National Center for Transgender Equality: Action 2012
2012 was a year of action for transgender people and for the National Center for Transgender Equality. Learn more about our accomplishments over 2012.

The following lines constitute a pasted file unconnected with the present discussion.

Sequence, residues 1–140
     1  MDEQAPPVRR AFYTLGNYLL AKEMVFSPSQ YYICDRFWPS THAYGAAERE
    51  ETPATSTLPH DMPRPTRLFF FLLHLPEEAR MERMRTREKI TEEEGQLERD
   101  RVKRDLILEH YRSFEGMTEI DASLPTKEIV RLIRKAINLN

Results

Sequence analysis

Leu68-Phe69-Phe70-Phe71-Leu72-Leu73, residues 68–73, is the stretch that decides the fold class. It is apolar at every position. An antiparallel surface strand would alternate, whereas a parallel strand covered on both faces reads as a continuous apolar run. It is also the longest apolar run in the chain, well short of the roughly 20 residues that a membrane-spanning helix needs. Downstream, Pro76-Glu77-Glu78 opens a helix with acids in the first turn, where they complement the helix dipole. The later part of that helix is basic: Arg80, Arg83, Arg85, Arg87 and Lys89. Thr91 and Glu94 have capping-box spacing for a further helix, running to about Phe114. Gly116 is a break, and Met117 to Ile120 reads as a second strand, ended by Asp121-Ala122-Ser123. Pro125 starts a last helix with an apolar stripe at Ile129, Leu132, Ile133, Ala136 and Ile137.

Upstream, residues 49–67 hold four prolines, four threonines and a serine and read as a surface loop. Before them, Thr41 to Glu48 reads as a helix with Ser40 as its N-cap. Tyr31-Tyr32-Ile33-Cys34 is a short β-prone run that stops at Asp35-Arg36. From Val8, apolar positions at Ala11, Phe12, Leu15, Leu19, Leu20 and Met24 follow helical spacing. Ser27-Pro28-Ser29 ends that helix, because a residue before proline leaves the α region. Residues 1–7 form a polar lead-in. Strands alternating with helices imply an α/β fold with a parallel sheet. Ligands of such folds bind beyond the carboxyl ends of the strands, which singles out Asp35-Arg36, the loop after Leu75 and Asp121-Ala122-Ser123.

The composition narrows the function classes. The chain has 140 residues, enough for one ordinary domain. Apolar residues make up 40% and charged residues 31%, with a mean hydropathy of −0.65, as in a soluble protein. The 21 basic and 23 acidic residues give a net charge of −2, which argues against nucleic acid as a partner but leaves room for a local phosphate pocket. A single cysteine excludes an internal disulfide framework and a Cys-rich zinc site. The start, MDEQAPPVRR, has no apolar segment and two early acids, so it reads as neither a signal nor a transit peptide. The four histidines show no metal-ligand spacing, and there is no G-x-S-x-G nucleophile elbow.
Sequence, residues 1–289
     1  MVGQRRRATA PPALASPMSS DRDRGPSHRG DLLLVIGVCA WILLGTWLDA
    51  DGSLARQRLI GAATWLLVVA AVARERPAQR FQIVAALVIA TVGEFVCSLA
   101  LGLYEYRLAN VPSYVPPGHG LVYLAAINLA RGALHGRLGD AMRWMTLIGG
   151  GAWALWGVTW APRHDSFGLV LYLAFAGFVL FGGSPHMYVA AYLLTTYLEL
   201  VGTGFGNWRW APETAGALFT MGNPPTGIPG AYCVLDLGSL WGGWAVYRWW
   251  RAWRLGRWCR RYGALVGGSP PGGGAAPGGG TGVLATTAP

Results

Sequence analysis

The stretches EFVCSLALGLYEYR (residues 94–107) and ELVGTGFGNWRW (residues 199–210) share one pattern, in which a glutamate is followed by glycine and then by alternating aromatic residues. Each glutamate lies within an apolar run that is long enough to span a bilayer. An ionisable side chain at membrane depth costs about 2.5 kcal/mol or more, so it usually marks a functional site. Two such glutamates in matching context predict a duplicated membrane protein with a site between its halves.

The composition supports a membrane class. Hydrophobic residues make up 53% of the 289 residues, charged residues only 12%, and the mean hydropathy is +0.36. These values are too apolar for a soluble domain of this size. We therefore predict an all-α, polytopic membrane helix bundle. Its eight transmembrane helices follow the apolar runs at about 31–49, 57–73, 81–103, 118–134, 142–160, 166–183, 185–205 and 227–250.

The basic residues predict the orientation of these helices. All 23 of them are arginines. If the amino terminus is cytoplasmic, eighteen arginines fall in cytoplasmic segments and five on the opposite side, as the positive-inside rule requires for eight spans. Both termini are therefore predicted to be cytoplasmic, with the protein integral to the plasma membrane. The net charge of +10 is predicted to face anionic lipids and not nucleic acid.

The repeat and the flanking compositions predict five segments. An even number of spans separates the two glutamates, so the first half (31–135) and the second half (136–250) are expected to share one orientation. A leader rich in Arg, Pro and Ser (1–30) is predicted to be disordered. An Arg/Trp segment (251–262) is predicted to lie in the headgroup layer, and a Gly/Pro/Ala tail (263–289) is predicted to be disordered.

ANNUAL REPORT 2012 ACTION LETTER FROM MARA KEISLING follows years of behind-the-scenes work in coalition with LGBT and progressive organizations. We celebrated wins in housing, employment, and healthcare while continuing to push the envelope on the federal policy level to prepare for even more victories in 2013. In 2012, NCTE also released 15 new resources to assist transgender people and allies to preserve and claim their rights. From where I sit at the start of 2013, this is an exciting time for our movement. With your generous support, we are expanding our programs and fortifying our public education capacity so that we can get the trans progress word out to more people, organizations, and institutions. We’re also capitalizing on seeds we planted in 2012 and will push forward on the legislative front, in federal agency policy, and in facilitating local activists to make trans action broad and inclusive. Our 2012 work reminds us that the trans population is diverse with a wide variety of needs: we are immigrants, we are women, we are homeless, we are veterans, we are children, we are older adults, we are sex workers, we are federal government employees. What unites us is our need for timely and far-reaching action—bold steps that will echo through our many lives for many years. Thank you for your support as we move into our tenth Sincerely, 2012 was a year of action for transgender people and for the National Center for Transgender Equality (NCTE). We responded to countless requests from government officials for trainings, education, and technical assistance. We had a groundbreaking year of action in the digital space with campaigns like Voting While Trans and the TONI Project. We also saw the fruits of our action begin to ripen with victories such as the Department of Justice’s release of trans-affirmative prison regulations, an achievement that Mara Keisling Executive Director National Center for Transgender Equality ▪ Our Flag in the Federal Agenda: 2011 Annual Report 2 ADVOCACY THAT MATTERS As in years past, NCTE’s 2012 policy work included meaningful collaboration with a wide range of LGBT and other advocates on many issues, producing tangible results. The following are just some of NCTE’s key efforts in 2012. In early 2012, the Department of Housing and Urban Development (HUD) released a final rule prohibiting antiLGBT discrimination in HUD-funded programs. At the urging of NCTE and other advocates, the final rule was considerably strengthened from its proposed form. Throughout 2012 NCTE led advocacy urging HUD to issue additional guidance clarifying transgender people’s right to equal access to sex-segregated homeless shelters. Building on our work in 2010, NCTE worked closely with LGBT and health advocates to strengthen provisions and rules to implement the Affordable Care Act, resulting in strong, LGBT-inclusive federal nondiscrimination rules for insurance plans and exchanges. In 2012 we continued our work on identification documents and privacy issues. As a plenary speaker at the American Association of Motor Vehicle Administrators’ Tobin educated state officials from across the country on how driver’s license gender policies impact transgender people. NCTE also stepped up its efforts to ease gender change requirements in Social Security records and eliminate the use of gender in data matching programs. In addition to mobilizing LGBT groups to write a public letter to the agency, NCTE reached out to the Leadership Council of Aging Organizations, 29 of whose member groups sent a similar letter. Together with SAGE, NCTE released a major, firstof-its-kind report called “Improving the Lives of Transgender Older Adults,” putting transgender and aging issues at the center of LGBT advocacy. The report was released s at several major conferences including the Philadelphia Trans Health Conference and the National Conference on LGBT Equality: Creating Change. Finally, to increase the impact of recent policy changes, NCTE published a series of “Know Your Rights” guides encompassing an array of topics with a consistent focus filing discrimination complaints with federal, state, and local agencies. SPOTLIGHT: TRANSGENDER IMMIGRANTS There are an estimated 904,000 LGBT immigrants in the US today, 30% of them undocumented. Of these, many are transgender. Throughout 2012 NCTE advocated successfully for policy changes that would benefit transgender immigrants and support future change. Since 2009 we’ve worked with Immigration Equality and others to make it easier for immigrants with legal status to update the gender on immigration documents and to enable more transgender people to obtain spousal visas. This work bore fruit with a policy memorandum from US Citizenship and Immigration Services addressing both issues in spring of 2012. The Department of Justice issued final rules in May governing prisons and jails, and a Presidential directive required similar rules for immigration detention. Throughout 2012 NCTE and allies pressed for the detention rules, culminating in a late 2012 proposed rule incorporating many LGBT-specific protections we advocated for in the DOJ rule. Together with Just Detention International and the Women’s Refugee Commission, NCTE also pressed the Office of Refugee Resettlement to take similar steps to protect unaccompanied migrant youth in federal custody. NCTE also took a lead role in developing a proposed LGBT training module for immigration detention facilities, which has been NCTE also continued its work—in collaboration with other used to train facility monitors and is being incorporated into immigrant, human rights and LGBT advocates—to reform new PREA training. immigration detention conditions and prevent sexual abuse. Since 2009 NCTE has taken a leading role in galvanizing Throughout the year, NCTE used our website, social meLGBT advocates as part of a broader, diverse coalition for dia, and several articles in the mainstream media to raise Prison Rape Elimination Act implementation. the profile of immigration as a transgender issue, anticipating renewed efforts for comprehensive reform. National Center for Transgender Equality ▪ Our Flag in the Federal Agenda: 2011 Annual Report 3 OUR STORIES IN ACTION Charles is a young transgender person living in a small Massachusetts town. After transitioning he took his father’s name as his own. Last year, when he went to vote, poll workers accused him of attempting to impersonate his father. Despite “outing” himself, poll workers refused to see him for who he is. No one should have to reveal their transgender identity to vote. And when NCTE saw national efforts to pass so called “voter ID” laws, we knew our community was going to face challenges similar to, if not worse than, those Charles faced. We quickly launched the “Voting While Trans” public education campaign with our colleagues at GLAAD. “Voting While Trans” featured two publications and a video series telling our stories of harassment and discrimination while voting. The campaign educated transgender people about steps they would need to take to update their voter information and raised awareness among poll workers about how to maintain the privacy of transgender voters. Since launching “Voting While Trans,” our online and print resources have reached over 20,000 people. The video series drew nearly 30,000 viewers, making up nearly half of NCTE’s total video viewership over the last four years. NCTE placed “Voting While Trans” stories nearly 80 times in local and national media outlets, making up of over a tenth of NCTE’s overall media placements in 2012. If we wanted to make sure the same number of people saw our “Voting While Trans” resources in the media, we would have had to spend $1.6 million on advertising. The campaign reached such prominence that some state and local election authorities included our resources in their poll worker trainings. “Voter ID” laws continue to make their way through state legislatures, and these issues will come up again in the mid-term elections. But the campaign’s primary success was its ability to build understanding among non-transgender Americans about the need for accurate identification for transgender people. NCTE is persistent about expanding our audience and reaching new people. From healthcare to employment discrimination to immigration stories, NCTE is the leading storyteller in the transgender movement, driving awareness and action. Members of the Voting While Trans campaign from top left to right: Laverne Mock, Charles Meins, and Ignacio Rivera. National Center for Transgender Equality ▪ Action: 2012 Annual Report 4 NCTE Released 15 Groundbreaking Resources in 2012 • A Blueprint for Equality: A Federal Agenda for Transgender People • Airport Security and Transgender People • Federal Taxes and Transgender People • Health Care Rights and Transgender People • Improving the Lives of Transgender Older Adults: Recommendations for Policy and Practice • Know Your Rights: Employment Discrimination and Transgender People • Know Your Rights: Fair Housing and Transgender People • LGBT People and the Prison Rape Elimination Act • National Transgender Discrimination Survey: A Look at Asian American, South Asian, Southeast Asian and Pacific Islander (API) Respondents • Transgender and Gender Nonconforming Students: Your Rights at School • Transgender Federal Employees: Your Workplace Rights • Transgender People and Passports • Transgender Sexual and Reproductive Health: Unmet Needs and Barriers to Care • Voting While Trans Checklist • Voting While Trans: Preparing for New Voter ID Laws e Cox, Aaron Tredwell, Mara Keisling, Deja Smith, Jac Gares, Janet Members of the Voting While Trans campaign preparing for the video shoot at the In The Life Media studios. National Center for Transgender Equality ▪ Action: 2012 Annual Report 5 Amidst the turmoil, I am so encouraged by all the excellent and amazing progress and good news which is reported, seeimingly daily. Keep fighting the good fight. Your website opened my eyes to a lot of issues that exist that I didn’t know, such as the prison issue and voting issues, which is something I feel strongly about, but had no idea affected the transgender community. I continue to be impressed by NCTE’s work. Congrats on so many successes. I feel wellrepresented in DC. Thank you and your staff for the fantastic work you are doing, measured by accomplishments not hours put in. You are actually making the world just a little bit better. We’re proud to be a part of NCTE. I am consistently enlightened, impressed, and grateful for the fine work you do. I contributed much too long ago, but just this instant I joined up as a Building member. My son will be 2 this April, and I know that you are contributing to him growing up in a better world. Development Manager Ace Portis represented NCTE at the White House LGBT Emerging Leaders event at the home of Vice President Joe Biden and Second Lady Jill Biden. In October of 2012, Vice President Biden called transgender discrimination “the civil rights issue of our time.” National Center for Transgender Equality ▪ Action: 2012 Annual Report 6 NCTE Executive Director Mara Keisling joined MSNBC’s Melissa Harris-Perry Show with transgender advocates and artists Kate Bornstein and Mel Wymore for a groundbreaking hour-long segment, “Being Transgender in America”. The segment earned wide accolades and was awarded a GLAAD Media Award in the “Outstanding TV Journalism - Newsmagazine” category. SPOTLIGHT: MAKING OUR SCHOOLS SAFE FOR TRANS STUDENTS Excerpt of remarks from Roy L. Austin Jr., Deputy Assistant Attorney General for Civil Rights Division at the Department of Justice delivered at NCTE’s 9th Annual Awards Celebration. The Administration takes [school bullying] very seriously. Last year at the White House, the President and the First Lady held a conference on bullying and harassment in schools. The President has made clear that he doesn’t accept the idea that bullying is just part of growing up; rather every child has a right to receive an education without fearing for their safety. The Civil Rights Division is using every tool available to us to respond. We protect the rights of students who are being harassed because of their race, national origin, religion, disability, or sex -- including if they are being harassed because they don’t act how their peers think a boy or girl is supposed to act. Through this work we are seeing that two communities face a disproportionate amount of bullying and harassment in schools: Muslim students, and LGBT students. And not only members of these communities-but also those who are perceived to belong to these communities--are at increased risk of being bullied. Together with our federal partners like the Department of Education, we are exploring ways to hold schools accountable, and to stop harassment and bullying before it starts. This includes efforts to Tehachapi, California, where 13-year-old Seth Walsh, who was openly gay, took his own life after suffering verbal, physical and sexual harassment in school for over two years. Although the settlement we reached with the school district comes too late to help Seth, it hopefully will prevent harassment and bullying from recurring and create a more positive environment for all students in his district, as well as send a message nationwide. All of these actions and policies are certainly promising steps in the right direction, but we also recognize there is still much work to be done. The Justice Department remains committed to equality under the law and will continue to be central to that effort over the years to come. National Center for Transgender Equality ▪ Action: 2012 Annual Report 7 MAJOR SUPPORTERS Despite a recovering economy, new members and major donors grew steadily over 2012. Time and again, our community stepped up to ensure that NCTE remains at the forefront of change. We owe our policy achievements to our major givers and in-kind donors who make personal sacrifices to own their part in our vision for equality. Our members and donors have our gratitude for their steadfast support and for making our advocacy possible today and for years to come. Visionary Circle Anonymous Arcus Foundation Evelyn & Walter Haas, Jr. Fund Education Foundation of America Gill Foundation Open Society Foundations Andrea von Kaenel & Brooke Poley Leadership Circle Mariette Pathy Allen Laura Arrowsmith Be-All Conference Richelle Bradley Megyn Busse Duane Dyckman Erica Fields Laura Hart Mary Ann Horton Julie Kruse & Sheri Moses Dan Massey & Alison Gardner Mark Sexton & Kirk Wallace Naomi Sobel David & Ruth Waterbury Marcus Waterbury Pam & Bill Werb Jacqueline White Ike White Sustaining Member Jessica Ames Marie Chevrier Tracy Brackett Denise Brogan-Kator Ann Thompson Cook Masen Davis Mara Drummond Deborah Goldsmith Chris Hansen Jody Huckaby Daria Lohman Melanie Maloney Shannon Minter Mo Morelli Lisa Mottet & AJ Pearlman David Noble Joan Pepin Greg Price Nico Quintana Jamie Roberts Diane Trice Vera Verbel Joan Waddill Building Member Advocates for Youth Kim Barnes Christine Beatty Jeff Berry Jay Botsford Shirley Boughton Paulette de Coriolis Lou Czarniewy Chris Daley Abe Doherty Clemmie Parker Engle Liz Fong FORGE Phyllis Frye Nicole Garcia Alison Gill Rachia Heyelman Jon Hoadley Melinda Humphreys Erica Keppler Kelly Moyer Michelle Myers Jenny North Pri Oberoi & Jaan Williams Jill Raney Pamela Reed Sara Rook Dana Seidl Peggy Shorey David Smith Ashley Swartz Rebecca Thompson Kaelyn Alexi Uhrain Alekxia Valdez Donor Levels: Visionary Circle: $5000+ Leadership Circle: $1200+ Sustaining Member: $600+ Building Member: $300+ Learn more about how to give at transequality.org/donate.html. National Center for Transgender Equality â–Ş Action: 2012 Annual Report 8 FINANCIAL REPORT Read more about what LGBT movement leaders and foundation professionals have to say about NCTE’s work in the call-out boxes below. NCTE operates as one of the leanest national LGBT nonprofit organizations in the country. Dollar for dollar, NCTE’s quality and quantity of research, policy analysis, and advocacy exceeds that of other organizations, and we have the victories to prove it. Our capacity to lead and win paired with our strategic use of resources earned NCTE sixth out of 110 national LGBT equality groups in Guidestar’s 2012 Philanthropedia survey. [NCTE] is a cutting-edge organization with fearless advocacy and leadership. Statement of Financial Position as of December 31, 2012 Assets Current Assets Checking/Savings 1000 - Checking 1005 - Board-Controlled Reserve 1010 - Misc. 1020 - Petty Cash 1200 - TransLAW Checking Total Checking/Savings Other Current Assets 1350 - Contribution Receivables 1370 - Misc Receivable 1400 - Prepaid Total Other Current Assets Total Current Assets Fixed Assets 1500 - Fixed Assets 1502 - Equipment 1590 - Accumulated Depreciation Total Fixed Assets Total Assets Liabilities & Equity Current Liabilities Accounts Payable 2000 - Accounts Payable Total Accounts Payable Other Current Liabilities 2100 - Payroll Liabilities 2117 - FSA 2121 - Metro Withholding 2123 - IRA Withholding Total 2100 - Payroll Liabilities Total Other Current Liabilities Total Current Liabilities Total Liabilities 236,377.18 30,059.82 500.00 236.68 905.34 268,079.02 14,557.87 585.60 983.33 16,126.80 284,205.82 10,524.60 10,524.60 434.28 438.20 1,846.96 2,719.44 2,719.44 13,244.04 13,244.04 497,880.42 -207,680.52 290,199.90 303,443.94 NCTE is the flagship organization for transgender equality. They have had an enormous impact not only in raising the profile of transgender people and issues, but have had some incredible (and quiet) success working behind the scenes with the Obama Administration to make policy changes that remove barriers for people. Equity 3900 - Retained Earnings 19,238.08 Net Income 50,055.29 -30,817.21 Total Equity 19,238.08 Total Liabilities & Equity 303,443.90 Income and Expenses from January - December 2012 Income 4000 - Individual contributions 4200 - Grants 4300 - Speaking fees 4400 - Event Income 4850 - Fiscal Sponsor Income Total Income Expense 5010 - Salary 5100 - Payroll Taxes 5200 - Employee Benefits 6000 - Advertising Expense 6010 - Bank charges/CC fees 6020 - Conference fees 6030 - Consultants 6040 - Interns 6095 - Event 6100 - Meetings & Trainings 6220 - Insurance 6230 - Licenses and fees 6245 - Lease 6254 - Money Order Fee 105, 514.70 128,799.08 37,502.95 13,054.46 1,750.00 286,621.19 6255 - Dues Membership 4,505.00 6260 - Office equipment - small 582.99 6270 - Payroll fees 2,693.38 6273 - Flex benefits expense 1,278.75 6280 - Postage 1,132.34 6290 - Publications/Research material 3,978.32 6300 - Printing 1,720.57 6320 - Professioinal Fees 10,553.45 7010 - Rent 30,150.00 7030 - Supplies 2,634.05 7050 - Staff recruitment 70.00 7120 - Telecommunications 10,619.40 7200 - Travel & meals 30,674.98 7220 - Website 4,484.90 Total Expense 494,321.53 Net Ordinary Income -207,700.34 19.82 19.82 19.82 -207,680.52 NCTE has dramatically raised the national profile on transgender issues both within the LGBT community and in the general public. NCTE leadership is extremely focused. While their issue portfolio is broad, they concentrate on making change happen. They play well with others, but also waste no time: they want, and get, results. 286, 436.50 25,342.30 39,450.56 83.38 3,794.97 1,945.00 12,534.32 2,000.00 11,726.02 Other Income/Expense 1,071.34 4950 - Interest Income 1,222.55 Total Other Income 185.00 Net Other Income 3,106.46 Net Income 345.00 NCTE has provided leadership for other LGBT advocacy organizations by helping clarify a federal agenda for transgender advocacy. Its staff is deeply knowledgeable and more accomplished and more competent than other transgender-focused advocacy groups. National Center for Transgender Equality ▪ Action: 2012 Annual Report 9 BY THE NUMBERS 700 10 The fight for transgender equality took us to 22 states earned online, print, and broadcast media placements. Record views representing a 63% increase from 2011. 31% 318,000 and the District of Columbia. web and blog growth in Facebook “Likes” over 2012. National Center for Transgender Equality ▪ Action: 2012 Annual Report ABOUT NCTE a strong, clear voice in Washington, DC for transgender people. NCTE provides a constant presence by: • Monitoring federal activity and communicating this activity to our members around the country; • Providing congressional education; and • Establishing a center of expertise on transgender issues of national significance. NCTE also works to strengthen the transgender movement and individual investment in this movement by highlighting opportunities for coalition building, promoting available resources, and providing technical assistance and training to transpeople and our allies. Board of Directors Marcus Waterbury, Chairperson, Minneapolis, MN Dr. Laura Arrowsmith, D.O., Broken Arrow, OK Dr. Dana Beyer, MD, Chevy Chase, MD Marisa Richmond, Ph.D., Secretary, Nashville, TN Andrea von Kaenel, Treasurer, Alexandria, VA Steph White, Ann Arbor, MI Mara Keisling (Ex Officio) Washington, DC Staff Members Avory Faucette, Director of Operations Cass Mercer, Social Work Intern Ace Portis, Development Manager Harper Jean Tobin, Director of Policy Jessica Jeanty, Post-Graduate Law Fellow Mara Keisling, Executive Director Vincent Paolo Villano, Director of Communications The NCTE policy team Mara Keisling, Harper Jean Tobin, and Jessica Jeanty return from a White House meeting about ending the ban against transgender military servicemembers. Mission The National Center for Transgender Equality is a national social justice organization devoted to ending discrimination and violence against transgender people through education and advocacy on national issues of importance to transgender people. By empowering transgender people and our allies to educate and influence policymakers and others, NCTE facilitates a strong and clear voice for transgender equality in our nation’s capital and around the country. History NCTE was founded in 2003 by transgender activists who recognized a large gap in national LGBT work. With very few resources to draw from initially besides a committed board of directors, an all-volunteer staff of one, donated office space, and the hard-earned money from a small community of transpeople across the country, we set out to accomplish accomplish what no one had yet done: provide National Center for Transgender Equality ▪ Action: 2012 Annual Report 11 1325 Massachusetts Avenue, NW, Suite 700 Washington, DC 20005 (202) 903-0112 firstname.lastname@example.org | TransEquality.org facebook.com/TransEqualityNow | @TransEquality